Getting started is usually the most daunting step for business owners. Setting up an Analytics account is quick and a one time process. To get started, you’ll need to fill in some business information along with your website domain (ex. After filling out the required details, you will be given a piece of tracking code containing an Analytics ID (which will look something like UA-1234567).

Step 3: Add the Analytics Tracking Code to the Website

Once your initial account setup is completed, Google will provide you with a snippet of JavaScript code. “At first glance it looks terrifying, especially if you are new to this, but it’s actually very simple,” Carina shared. If you built your site using a template-builder, look in the settings for a place to put the snippet of code or sometimes even just the Analytics ID (i.e. UA-123456). All modern-day site builders will have a location for this to go. 

If you worked with a web developer to build your site, you will just need to send the code to them to place on each page of the website. 

Step 4: Confirm the Tracking Code is Working and then Sit Back and Wait

Once the code is placed on each page of the site and you are logged into the Analytics platform, test that it is working by clicking on the Realtime dashboard while you have the website open. Analytics doesn’t collect data from before the tracking code was placed on the site, so Carina recommends waiting a few days, if not weeks, to start actively looking at the data. When Extraco launched their new website in 2020, Carina and her team did not begin analyzing the data for around 2-3 weeks. “We wanted to be sure that we had enough representative data to make informed decisions off of,” said Carina. 

While some Google Analytics data is straightforward, Carina said that anybody who wants to efficiently utilize the tool should start with Google’s free Analytics certification courses. 

How to use Google Analytics Data

Tracking Ad Performance

Once you’ve got a basic understanding of what Analytics can show you, you’ll be able to answer questions like “What are users most interested in on my site?” by looking at metrics like highest page views, lowest bounce rate, and time spent on-page. Carina and her team utilize the Campaigns tab often. “We assess how traffic to our site changes month-to-month based on different campaigns or marketing initiatives we’ve launched.” UTM tracking codes are a great tool to measure the traffic from a specific source. Carina recommended using a URL builder to add tracking to links. “When Extraco places a digital or print ad, the link we include always has tracking attached. That is how we can determine how many people found us from that specific piece of marketing.” Some businesses that she consulted in the past "spent thousands of dollars on marketing that they didn't even know worked or not.” Tracking how certain ad placements or initiatives are performing can help businesses avoid ineffective (and costly) marketing.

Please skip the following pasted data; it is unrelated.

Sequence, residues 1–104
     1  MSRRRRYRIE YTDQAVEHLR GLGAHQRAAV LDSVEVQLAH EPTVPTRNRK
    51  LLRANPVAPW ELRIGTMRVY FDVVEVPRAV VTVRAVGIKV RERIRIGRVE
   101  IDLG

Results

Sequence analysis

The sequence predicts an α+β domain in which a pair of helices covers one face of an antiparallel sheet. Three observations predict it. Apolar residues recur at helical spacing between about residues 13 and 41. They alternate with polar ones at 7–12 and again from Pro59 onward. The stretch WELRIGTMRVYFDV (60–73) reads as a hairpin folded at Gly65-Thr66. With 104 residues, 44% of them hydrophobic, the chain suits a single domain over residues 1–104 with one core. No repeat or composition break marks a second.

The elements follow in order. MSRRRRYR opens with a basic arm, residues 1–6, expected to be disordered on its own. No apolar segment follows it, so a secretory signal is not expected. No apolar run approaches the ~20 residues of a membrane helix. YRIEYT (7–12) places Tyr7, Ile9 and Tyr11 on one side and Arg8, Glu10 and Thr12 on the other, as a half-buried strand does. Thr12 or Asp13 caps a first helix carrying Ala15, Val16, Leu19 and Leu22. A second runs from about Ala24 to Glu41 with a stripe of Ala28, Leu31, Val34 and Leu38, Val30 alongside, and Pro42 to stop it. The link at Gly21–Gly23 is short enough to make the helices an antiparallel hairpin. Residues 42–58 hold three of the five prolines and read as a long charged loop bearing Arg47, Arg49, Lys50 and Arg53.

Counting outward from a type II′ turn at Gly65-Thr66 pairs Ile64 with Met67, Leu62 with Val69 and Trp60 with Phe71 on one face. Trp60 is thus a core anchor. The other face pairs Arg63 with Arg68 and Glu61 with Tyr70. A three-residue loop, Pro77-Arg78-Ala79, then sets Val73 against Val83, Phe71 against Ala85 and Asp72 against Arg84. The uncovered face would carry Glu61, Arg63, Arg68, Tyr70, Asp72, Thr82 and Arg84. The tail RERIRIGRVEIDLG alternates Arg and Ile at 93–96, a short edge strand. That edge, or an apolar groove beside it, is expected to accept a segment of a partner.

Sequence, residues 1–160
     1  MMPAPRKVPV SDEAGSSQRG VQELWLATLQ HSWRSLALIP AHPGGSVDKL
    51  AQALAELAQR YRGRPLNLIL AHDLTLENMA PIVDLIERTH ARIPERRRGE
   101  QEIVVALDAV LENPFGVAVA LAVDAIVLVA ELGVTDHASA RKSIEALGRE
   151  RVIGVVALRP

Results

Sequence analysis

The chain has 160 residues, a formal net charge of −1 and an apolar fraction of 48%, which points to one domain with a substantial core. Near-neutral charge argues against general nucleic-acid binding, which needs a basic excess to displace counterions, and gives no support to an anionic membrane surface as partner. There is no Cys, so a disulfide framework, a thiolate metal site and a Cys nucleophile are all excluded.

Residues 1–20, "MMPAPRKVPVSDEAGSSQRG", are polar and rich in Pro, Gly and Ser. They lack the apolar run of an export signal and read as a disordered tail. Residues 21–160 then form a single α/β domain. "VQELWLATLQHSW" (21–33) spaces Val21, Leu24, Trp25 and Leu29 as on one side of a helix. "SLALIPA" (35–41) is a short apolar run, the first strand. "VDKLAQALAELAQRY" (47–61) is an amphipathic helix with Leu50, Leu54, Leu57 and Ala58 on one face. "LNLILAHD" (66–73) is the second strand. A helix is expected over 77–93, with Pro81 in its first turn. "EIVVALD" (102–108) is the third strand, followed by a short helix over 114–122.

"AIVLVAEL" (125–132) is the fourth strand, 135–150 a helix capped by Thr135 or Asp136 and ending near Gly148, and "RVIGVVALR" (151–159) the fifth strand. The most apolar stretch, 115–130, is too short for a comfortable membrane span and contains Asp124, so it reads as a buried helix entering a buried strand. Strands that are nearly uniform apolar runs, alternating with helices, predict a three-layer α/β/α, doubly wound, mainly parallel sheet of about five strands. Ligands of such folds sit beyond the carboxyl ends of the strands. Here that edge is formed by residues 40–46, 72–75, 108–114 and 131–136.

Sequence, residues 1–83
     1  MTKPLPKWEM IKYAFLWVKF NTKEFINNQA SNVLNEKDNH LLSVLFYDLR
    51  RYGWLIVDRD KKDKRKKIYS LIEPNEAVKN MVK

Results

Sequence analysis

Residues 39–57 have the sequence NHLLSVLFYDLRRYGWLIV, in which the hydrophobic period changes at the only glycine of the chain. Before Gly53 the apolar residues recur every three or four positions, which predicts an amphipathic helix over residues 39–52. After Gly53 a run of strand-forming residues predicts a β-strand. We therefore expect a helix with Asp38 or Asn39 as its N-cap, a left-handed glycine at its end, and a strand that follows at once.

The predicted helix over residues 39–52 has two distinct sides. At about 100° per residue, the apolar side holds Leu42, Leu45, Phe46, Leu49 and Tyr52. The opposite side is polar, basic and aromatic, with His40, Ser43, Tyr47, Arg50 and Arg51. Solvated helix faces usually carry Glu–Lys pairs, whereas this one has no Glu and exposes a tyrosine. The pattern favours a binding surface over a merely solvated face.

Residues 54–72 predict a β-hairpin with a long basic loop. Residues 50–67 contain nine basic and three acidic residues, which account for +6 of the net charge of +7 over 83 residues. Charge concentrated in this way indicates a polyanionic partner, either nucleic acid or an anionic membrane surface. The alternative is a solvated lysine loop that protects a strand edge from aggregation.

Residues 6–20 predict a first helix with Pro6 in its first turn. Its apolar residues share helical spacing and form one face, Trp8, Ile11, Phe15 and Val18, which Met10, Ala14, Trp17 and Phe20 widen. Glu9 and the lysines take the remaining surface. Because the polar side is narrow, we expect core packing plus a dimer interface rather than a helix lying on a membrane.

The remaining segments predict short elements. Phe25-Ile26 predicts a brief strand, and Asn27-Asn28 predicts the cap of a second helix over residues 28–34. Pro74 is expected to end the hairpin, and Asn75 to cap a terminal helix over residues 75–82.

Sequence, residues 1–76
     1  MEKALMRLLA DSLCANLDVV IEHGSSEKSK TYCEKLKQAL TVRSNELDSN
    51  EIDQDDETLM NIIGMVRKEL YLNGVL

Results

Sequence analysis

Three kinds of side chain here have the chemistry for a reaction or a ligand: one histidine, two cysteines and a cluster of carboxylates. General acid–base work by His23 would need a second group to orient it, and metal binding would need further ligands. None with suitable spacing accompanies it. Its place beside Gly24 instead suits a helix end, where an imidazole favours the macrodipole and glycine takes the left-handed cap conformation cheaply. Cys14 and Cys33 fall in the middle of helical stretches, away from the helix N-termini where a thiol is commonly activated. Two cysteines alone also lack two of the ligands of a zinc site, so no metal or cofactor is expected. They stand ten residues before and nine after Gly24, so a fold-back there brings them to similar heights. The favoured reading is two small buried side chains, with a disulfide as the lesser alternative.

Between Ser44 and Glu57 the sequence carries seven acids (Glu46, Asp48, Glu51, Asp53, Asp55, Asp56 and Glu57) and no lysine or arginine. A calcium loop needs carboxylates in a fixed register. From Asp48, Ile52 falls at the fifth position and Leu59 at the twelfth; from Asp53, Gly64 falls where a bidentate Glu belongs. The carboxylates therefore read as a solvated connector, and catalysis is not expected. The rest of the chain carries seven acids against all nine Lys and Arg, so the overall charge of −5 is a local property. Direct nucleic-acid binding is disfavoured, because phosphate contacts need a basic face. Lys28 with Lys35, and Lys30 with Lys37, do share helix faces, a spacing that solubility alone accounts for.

Setting Goals

Set goals within Google Analytics to measure things like products sold, phone calls placed, inquiry forms filled, and downloads of resources. Tracking these metrics regularly should help you to be able to create realistic and achievable goals. 

What is Google Tag Manager?

Tag Manager is a slightly more advanced tool that you can use to implement code or tracking to your website. While this sounds difficult, Tag Manager actually reduces the need for website developers to maintain a business website and also improves site tracking accuracy with just a few simple steps.

What can you do with Google Tag Manager?

Google Tag Manager is another free tool that allows the user to easily implement tracking and more actions on the back-end of a website. 

  • Track events and activity in tandem with Google Analytics. Set up tracking for specific actions on your website (referred to as "events"). Track behaviors like PDF downloads, web forms submitted, and videos watched. For non-e-commerce sites, these actions are critical to business strategy. 
  • Reduce the need for a web developer to complete tasks like adding social media pixels, heatmaps, and more. Easily sync Google Conversion Tracking, Facebook or Linkedin Pixels, heatmaps, and more without needing coding knowledge.
How to Start Using Google Tag Manager

Take the Free Google Tag Manager Training Course

Carina highly recommends taking the Google Analytics Academy courses before getting started with Tag Manager. These courses are free and will help to demystify both Google Analytics and Tag Manager before you get started. 

Create an Account or Login to an Existing Google Account

Visit and follow the setup prompts. For this and all Google web tools, it is recommended that you create a new Gmail account for your business. You can use the same account for all Google web tools.